New rules to tighten up mortgage lending will not prevent mis-selling - borrowers should still remain vigilant, warn litigation solicitors Coles Miller.
Borrowers will now find it harder to secure a home loan under the new Mortgage Market Review - the biggest change to the regulations for at least 10 years.
They will have to answer more questions about their expenditure, instead of simply their monthly income. Industry analysts predict it will delay lending decisions.
Many lenders have already changed their practices to comply with the new rules.
But Coles Miller is warning borrowers not to be complacent - they could still be mis-sold a mortgage despite the tougher new regulations.
Coles Miller litigation solicitor Neil Andrews said: “Mortgage mis-selling will always be around. There will always be advisers who fall foul of the rules.”
He and his colleagues are working on a number of cases where borrowers have allegedly been mis-sold home loans.
- mortgage loans that extend beyond retirement - so the borrowers have little realistic hope of being able to pay them off
- interest-only loans - borrowers were sold loans but given no advice about the investment vehicles needed to repay them
- debt consolidation mortgage loans - borrowers were persuaded to transfer all their unsecured debts to one low interest rate loan secured against the property
- self-certification loans - advisers persuaded borrowers (typically self-employed) to certify their own loans, tempting many to unwittingly borrow more than they could ever hope to repay.
Solicitors at Coles Miller help victims of alleged mis-selling by auditing the loans and other financial products sold to them and cross-referencing them with their circumstances at the time. Claims are pursued on a no win no fee basis.
Mr Andrews said: “Borrowers who believe they have been mis-sold a mortgage need to act quickly to ensure they bring a claim within the relevant time limit - also, the longer they leave it, the more likely it is that their adviser could cease trading.”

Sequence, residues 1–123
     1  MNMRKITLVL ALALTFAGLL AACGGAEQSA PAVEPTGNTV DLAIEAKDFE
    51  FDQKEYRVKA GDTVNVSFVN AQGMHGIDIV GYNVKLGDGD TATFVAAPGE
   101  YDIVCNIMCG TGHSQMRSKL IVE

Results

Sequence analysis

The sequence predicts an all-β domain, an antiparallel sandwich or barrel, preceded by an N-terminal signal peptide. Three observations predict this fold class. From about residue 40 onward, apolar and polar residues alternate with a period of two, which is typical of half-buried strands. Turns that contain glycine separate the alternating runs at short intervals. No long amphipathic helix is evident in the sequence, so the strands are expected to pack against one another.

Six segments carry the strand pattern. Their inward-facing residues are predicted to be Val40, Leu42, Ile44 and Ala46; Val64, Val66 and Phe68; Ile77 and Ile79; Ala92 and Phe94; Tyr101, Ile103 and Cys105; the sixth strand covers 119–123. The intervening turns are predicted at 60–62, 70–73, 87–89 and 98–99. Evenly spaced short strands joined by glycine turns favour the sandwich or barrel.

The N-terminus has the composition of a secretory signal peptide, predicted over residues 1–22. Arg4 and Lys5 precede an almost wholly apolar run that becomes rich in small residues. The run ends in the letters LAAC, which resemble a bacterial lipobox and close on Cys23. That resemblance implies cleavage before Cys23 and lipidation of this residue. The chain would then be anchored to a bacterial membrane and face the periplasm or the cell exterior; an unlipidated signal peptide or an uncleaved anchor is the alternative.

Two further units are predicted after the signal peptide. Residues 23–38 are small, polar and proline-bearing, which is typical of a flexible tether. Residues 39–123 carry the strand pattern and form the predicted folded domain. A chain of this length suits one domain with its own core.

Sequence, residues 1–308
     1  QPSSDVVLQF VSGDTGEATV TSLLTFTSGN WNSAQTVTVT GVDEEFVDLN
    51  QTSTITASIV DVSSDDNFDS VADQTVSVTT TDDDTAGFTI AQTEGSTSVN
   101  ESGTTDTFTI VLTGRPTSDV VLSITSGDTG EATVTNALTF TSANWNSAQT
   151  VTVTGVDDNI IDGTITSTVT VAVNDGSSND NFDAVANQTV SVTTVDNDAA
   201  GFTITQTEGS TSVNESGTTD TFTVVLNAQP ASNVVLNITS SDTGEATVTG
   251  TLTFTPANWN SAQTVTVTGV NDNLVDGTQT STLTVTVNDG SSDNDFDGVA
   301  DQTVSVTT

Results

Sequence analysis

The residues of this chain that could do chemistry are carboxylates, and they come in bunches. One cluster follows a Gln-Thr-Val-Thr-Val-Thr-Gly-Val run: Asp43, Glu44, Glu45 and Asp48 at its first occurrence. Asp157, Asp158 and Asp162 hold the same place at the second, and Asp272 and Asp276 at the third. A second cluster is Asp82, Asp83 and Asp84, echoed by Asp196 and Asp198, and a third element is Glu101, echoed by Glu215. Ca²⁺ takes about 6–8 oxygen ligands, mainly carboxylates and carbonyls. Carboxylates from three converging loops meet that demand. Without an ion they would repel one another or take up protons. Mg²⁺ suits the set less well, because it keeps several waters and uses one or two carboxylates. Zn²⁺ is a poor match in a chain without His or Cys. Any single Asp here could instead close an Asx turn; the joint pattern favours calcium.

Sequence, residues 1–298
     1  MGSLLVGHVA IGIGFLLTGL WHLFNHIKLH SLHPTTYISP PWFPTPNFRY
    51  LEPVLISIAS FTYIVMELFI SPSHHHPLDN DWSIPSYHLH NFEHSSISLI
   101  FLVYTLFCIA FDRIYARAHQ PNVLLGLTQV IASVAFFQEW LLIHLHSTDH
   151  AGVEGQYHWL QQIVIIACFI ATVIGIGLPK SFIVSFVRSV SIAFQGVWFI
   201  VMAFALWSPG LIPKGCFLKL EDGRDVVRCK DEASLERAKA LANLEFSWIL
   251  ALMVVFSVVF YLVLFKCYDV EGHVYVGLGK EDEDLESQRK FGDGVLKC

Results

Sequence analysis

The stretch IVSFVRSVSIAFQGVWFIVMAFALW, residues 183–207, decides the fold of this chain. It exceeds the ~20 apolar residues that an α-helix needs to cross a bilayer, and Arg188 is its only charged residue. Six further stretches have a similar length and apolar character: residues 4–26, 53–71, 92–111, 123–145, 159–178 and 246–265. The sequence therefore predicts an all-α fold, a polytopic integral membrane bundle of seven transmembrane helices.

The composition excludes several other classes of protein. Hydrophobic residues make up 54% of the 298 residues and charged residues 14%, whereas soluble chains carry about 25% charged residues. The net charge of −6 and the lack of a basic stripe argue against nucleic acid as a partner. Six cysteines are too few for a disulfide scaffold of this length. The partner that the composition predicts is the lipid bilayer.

He added: “It is easier to pursue a claim against the mortgage advisers because the lenders will say that they are not providing advice.”
But it is still possible to pursue a complaint against the lenders - the Mortgages: Conduct of Business (MCOB) rules stipulate that a lender must “demonstrate that it has taken account of the customer’s ability to repay the regulated mortgage contract...and each further advance”. Records must be retained for a year.
As well as helping borrowers with their mortgage claims, Coles Miller also assists companies seeking compensation for alleged interest rate swap mis-selling.
Earlier this month there were concerns that the banks were likely to miss their May deadline for compensating firms mis-sold interest rate hedging products.
Companies with potential claims need to hurry. In theory, there is a six-year time limit on mis-selling claims for interest rate swap products, most of which were sold between 2005 and 2008.
But those whose case falls outside the six-year limit should still contact Coles Miller because the banks may have provided advice, which is not affected by the deadline.
Dorset-based Coles Miller handles mortgage mis-selling and interest rate swap compensation claims from all over the country.
For more details about how to claim compensation, please contact Coles Miller litigation solicitor Neil Andrews, 01202 673011.